Navigating social awkwardness for adolescents is already difficult, but for those with autism spectrum disorders, it’s nearly impossible. A new program at the University of Missouri is helping to bridge that gap.
Statistics show that if students with autism are able to communicate effectively, they can achieve success in the classroom, and in the workplace. MU professor of special education Janine Stichter says social cues that are taught early on change when they become adolescents.
“As the number of children diagnosed with autism spectrum disorders continues to increase, the one thing that won’t change is the need for those children to develop social skills,” she says. “Statistics show that if these students are able to communicate effectively, they can achieve success in the classroom, and later, in the workplace. In addition to the challenges facing each individual student, educators find themselves facing dwindling resources.”
University of Missouri professors are developing an effective social competence curriculum, with a virtual classroom component, that could help educators meet the demand of this growing population.
Stichter says she and her team have developed a curriculum that has shown success in an after-school format and is now being tested during daily school activities, with help from two three-year grants from the Institute of Educational Sciences in the U.S. Department of Education. The key factors in Stichter’s curriculum focus on specific needs and behavioral traits within the autism spectrum. By doing this, the instructor is able to deliver a more individualized instruction within a small group format and optimize the response to intervention.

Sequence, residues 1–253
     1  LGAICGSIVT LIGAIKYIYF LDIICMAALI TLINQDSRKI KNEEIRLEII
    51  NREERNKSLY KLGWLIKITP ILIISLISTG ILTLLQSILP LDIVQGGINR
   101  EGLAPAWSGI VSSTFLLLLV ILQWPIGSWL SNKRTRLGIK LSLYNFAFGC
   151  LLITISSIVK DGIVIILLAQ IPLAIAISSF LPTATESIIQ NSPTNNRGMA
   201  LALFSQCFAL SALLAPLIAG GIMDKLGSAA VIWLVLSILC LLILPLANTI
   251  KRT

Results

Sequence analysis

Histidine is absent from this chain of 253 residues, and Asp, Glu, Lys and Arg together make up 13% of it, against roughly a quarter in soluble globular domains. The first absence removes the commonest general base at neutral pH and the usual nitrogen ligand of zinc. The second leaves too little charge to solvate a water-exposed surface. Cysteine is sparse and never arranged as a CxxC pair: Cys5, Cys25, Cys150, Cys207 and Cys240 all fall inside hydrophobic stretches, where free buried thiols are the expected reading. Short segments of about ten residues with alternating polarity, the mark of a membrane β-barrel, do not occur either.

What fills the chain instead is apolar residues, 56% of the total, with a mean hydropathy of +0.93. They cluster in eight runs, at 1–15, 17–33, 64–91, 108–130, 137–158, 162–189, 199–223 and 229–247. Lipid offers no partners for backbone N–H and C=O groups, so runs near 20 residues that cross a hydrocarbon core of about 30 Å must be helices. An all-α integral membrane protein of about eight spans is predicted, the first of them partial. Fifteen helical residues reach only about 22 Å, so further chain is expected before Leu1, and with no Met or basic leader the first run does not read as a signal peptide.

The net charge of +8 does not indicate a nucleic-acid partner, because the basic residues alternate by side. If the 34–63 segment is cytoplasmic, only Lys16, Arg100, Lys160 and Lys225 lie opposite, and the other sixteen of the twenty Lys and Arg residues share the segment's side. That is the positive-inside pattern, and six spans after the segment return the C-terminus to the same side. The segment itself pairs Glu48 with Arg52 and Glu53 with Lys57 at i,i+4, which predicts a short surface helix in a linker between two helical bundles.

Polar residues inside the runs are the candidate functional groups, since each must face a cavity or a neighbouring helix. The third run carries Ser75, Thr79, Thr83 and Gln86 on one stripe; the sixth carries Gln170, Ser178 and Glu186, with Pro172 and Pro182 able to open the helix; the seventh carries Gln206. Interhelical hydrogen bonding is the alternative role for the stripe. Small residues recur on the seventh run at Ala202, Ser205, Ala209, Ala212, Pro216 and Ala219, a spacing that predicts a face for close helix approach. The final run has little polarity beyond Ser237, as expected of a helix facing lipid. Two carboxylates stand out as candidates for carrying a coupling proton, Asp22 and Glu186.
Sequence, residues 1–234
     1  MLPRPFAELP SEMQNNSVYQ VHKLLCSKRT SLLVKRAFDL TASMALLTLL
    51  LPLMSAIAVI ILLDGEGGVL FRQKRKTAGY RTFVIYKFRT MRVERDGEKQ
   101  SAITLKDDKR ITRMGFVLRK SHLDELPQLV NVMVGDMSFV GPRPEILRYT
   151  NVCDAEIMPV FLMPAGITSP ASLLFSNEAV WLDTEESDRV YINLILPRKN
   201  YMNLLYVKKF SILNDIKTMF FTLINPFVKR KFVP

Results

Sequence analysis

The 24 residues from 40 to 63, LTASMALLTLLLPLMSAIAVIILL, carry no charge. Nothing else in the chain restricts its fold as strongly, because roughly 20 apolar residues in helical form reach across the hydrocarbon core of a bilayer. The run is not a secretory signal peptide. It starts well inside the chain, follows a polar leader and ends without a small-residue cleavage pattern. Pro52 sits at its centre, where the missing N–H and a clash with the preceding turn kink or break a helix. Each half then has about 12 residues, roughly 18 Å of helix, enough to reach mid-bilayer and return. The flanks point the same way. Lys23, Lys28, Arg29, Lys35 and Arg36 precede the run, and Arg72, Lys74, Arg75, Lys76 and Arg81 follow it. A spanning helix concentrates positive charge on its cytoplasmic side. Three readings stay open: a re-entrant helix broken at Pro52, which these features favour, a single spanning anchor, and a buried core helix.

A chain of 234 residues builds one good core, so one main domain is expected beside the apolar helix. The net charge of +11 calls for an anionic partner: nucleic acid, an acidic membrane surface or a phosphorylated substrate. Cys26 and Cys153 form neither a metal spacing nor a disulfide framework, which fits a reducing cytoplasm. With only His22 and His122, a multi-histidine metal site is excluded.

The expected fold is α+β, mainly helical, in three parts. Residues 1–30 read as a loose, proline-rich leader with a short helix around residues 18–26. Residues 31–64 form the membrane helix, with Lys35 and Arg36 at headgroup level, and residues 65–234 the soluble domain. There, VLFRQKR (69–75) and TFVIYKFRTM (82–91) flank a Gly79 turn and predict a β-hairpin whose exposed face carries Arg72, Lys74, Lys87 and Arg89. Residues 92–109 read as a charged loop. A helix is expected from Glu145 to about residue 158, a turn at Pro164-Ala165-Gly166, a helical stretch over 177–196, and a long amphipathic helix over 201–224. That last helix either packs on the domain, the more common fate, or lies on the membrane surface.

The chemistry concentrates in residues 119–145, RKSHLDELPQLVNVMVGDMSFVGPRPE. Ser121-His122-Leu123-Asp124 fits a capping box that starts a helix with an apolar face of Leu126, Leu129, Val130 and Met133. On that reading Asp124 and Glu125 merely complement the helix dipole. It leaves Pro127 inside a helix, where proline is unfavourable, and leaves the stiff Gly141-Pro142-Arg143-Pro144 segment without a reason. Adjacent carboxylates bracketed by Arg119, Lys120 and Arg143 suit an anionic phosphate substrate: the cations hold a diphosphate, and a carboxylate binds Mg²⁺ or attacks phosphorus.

“Children with autism have three core deficit areas: difficulty with communication, issues with repetitive behaviors, and social competence,” Stichter says. “Social competency has a big impact on communication and is essential for post-school outcomes. While there are several social curricula available, they haven’t adequately discriminated between and targeted certain parts of the population. At MU, we’ve worked to develop intervention to meet specific needs, similar to a medical model for treating cancer: doctors don’t use one treatment model for all forms of cancer, for example.”
High-functioning children on the autism spectrum usually have trouble with determining and managing goals, understanding others’ feelings, and regulating emotions. Stichter’s curriculum focuses the student on recognizing facial expressions, sharing ideas, taking turns, exploring feelings and emotions, and problem-solving.
“For parents, this means a reduction in the need to be shopping constantly for a program that fits their child. There’s a tendency for programs to promote social skill development, but parents have a hard time determining if it fits their children; this program is structured so that parents know they have a good fit,” Stichter says. “Also, this creates a model for schools so these lessons can be added to the student’s overall educational experience, rather than an add-on to the student’s schedule. To date, the special education teachers involved have been very pleased to have a comprehensive curriculum and with the outcomes for their students. Even general education teachers are saying ‘show us more – we can use this with all of our kids.’”